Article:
Podcast #1: Force Majeure in China - What It Means and How to Fight It

Mar 25, 2020
| By Vincent Chow
In the first episode of the China Law Podcast, we discuss Chinese businesses claiming force majeure exemptions to contracts. Should foreign counterparties grant these exemptions? Must they? Or should they sue instead? And perhaps most importantly, would they win?

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Edward Liu, Legal Director at Hill Dickinson in Hong Kong

The coronavirus outbreak has caused massive disruption to businesses across China, leading many of them to issue force majeure claims to seek emergency exemptions to their contracts. In this episode, Edward Liu dissects the issue of force majeure from the perspectives of both the Chinese and foreign counterparties, shares insights on what role the Chinese government is playing, and provides practical advice on the steps you should take when faced with a force majeure claim.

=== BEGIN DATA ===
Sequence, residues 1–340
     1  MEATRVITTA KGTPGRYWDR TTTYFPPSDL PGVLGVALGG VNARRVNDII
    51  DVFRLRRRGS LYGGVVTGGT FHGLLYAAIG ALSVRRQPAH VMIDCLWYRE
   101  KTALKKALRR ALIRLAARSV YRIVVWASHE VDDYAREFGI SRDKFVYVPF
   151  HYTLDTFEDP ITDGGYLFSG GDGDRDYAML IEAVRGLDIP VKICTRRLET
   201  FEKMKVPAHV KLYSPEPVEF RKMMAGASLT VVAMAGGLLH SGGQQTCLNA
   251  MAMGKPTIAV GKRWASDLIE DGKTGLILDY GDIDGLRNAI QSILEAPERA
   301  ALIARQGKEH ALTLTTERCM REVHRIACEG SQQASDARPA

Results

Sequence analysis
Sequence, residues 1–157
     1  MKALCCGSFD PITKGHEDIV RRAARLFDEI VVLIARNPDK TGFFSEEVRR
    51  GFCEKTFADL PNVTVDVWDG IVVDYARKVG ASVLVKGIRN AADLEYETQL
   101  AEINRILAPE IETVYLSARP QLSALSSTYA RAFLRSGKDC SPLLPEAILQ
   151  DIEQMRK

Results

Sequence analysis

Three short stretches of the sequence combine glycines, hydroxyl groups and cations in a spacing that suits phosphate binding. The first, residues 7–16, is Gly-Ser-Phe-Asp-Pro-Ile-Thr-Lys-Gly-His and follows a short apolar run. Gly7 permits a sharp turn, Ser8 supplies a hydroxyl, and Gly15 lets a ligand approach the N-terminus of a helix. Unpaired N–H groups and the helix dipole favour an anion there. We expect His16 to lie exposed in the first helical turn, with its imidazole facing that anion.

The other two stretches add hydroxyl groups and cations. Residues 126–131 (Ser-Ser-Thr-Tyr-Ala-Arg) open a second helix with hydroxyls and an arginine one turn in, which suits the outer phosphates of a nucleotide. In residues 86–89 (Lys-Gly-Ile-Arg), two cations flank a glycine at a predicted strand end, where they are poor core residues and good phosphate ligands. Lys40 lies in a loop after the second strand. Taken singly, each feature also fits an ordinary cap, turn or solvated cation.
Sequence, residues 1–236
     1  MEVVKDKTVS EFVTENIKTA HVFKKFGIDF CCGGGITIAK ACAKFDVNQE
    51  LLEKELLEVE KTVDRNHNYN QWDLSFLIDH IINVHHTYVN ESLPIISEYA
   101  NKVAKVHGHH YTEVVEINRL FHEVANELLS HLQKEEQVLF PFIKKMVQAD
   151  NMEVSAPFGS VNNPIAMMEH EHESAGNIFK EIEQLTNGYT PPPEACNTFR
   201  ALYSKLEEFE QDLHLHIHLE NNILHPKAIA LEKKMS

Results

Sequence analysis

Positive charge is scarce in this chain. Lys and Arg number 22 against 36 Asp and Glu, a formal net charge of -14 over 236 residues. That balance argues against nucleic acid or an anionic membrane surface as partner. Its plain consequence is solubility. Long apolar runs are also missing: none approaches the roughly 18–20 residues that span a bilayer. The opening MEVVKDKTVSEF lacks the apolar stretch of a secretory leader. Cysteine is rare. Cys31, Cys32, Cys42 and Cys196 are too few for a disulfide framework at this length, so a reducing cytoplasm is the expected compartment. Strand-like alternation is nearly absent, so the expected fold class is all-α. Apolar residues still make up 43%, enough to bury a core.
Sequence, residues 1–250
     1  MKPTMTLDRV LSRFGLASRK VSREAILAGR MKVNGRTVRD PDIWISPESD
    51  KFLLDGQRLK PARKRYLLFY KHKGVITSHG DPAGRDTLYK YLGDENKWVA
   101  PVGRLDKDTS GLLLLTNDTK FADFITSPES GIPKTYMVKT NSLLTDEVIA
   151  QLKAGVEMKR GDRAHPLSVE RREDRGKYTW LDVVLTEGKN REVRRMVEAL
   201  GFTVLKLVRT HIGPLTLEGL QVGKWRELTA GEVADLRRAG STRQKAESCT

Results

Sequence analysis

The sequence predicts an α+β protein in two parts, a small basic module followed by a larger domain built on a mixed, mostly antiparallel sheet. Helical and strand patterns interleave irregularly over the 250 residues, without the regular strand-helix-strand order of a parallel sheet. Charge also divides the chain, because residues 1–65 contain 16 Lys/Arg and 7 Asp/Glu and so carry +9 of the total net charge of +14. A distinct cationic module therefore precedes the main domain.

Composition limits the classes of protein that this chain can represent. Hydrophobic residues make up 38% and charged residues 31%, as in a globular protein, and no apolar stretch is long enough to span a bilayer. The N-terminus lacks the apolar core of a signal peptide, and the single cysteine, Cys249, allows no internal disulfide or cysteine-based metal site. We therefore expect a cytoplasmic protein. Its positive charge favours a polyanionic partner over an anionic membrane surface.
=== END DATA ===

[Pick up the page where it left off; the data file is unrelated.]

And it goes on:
Click here to listen to the full podcast on Soundcloud.

Edward Liu is a Hong Kong-based legal director at Hill Dickinson advising on disputes and maritime law matters, and an arbitrator of the Hong Kong International Arbitration Centre. He is also a visiting professor at Shanghai Maritime University School of Economics & Management, and an adjunct lecturer at University of Hong Kong School of Professional and Continuing Education. He was ranked as one of the top ten maritime lawyers in the world in 2019 by international shipping journal Lloyd’s List.

The China Law Podcast is a new weekly podcast discussing China’s business and financial sectors from a legal perspective, brought to you by LegalSpeak. To read more on force majeure amid the Covid-19 outbreak in China, click here for an in-depth analysis of how foreign businesses can minimize losses during this period, and here for the avenues available to Chinese businesses who are seeking exemptions to their contracts.